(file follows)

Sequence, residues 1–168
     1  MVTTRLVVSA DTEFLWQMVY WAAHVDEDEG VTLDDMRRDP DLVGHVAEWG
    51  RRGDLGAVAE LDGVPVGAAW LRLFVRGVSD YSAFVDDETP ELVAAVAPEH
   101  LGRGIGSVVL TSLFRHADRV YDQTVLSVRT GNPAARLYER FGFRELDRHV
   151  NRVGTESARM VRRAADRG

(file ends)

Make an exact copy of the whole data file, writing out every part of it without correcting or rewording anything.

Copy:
Sequence, residues 1–168
     1  MVTTRLVVSA DTEFLWQMVY WAAHVDEDEG VTLDDMRRDP DLVGHVAEWG
    51  RRGDLGAVAE LDGVPVGAAW LRLFVRGVSD YSAFVDDETP ELVAAVAPEH
   101  LGRGIGSVVL TSLFRHADRV YDQTVLSVRT GNPAARLYER FGFRELDRHV
   151  NRVGTESARM VRRAADRG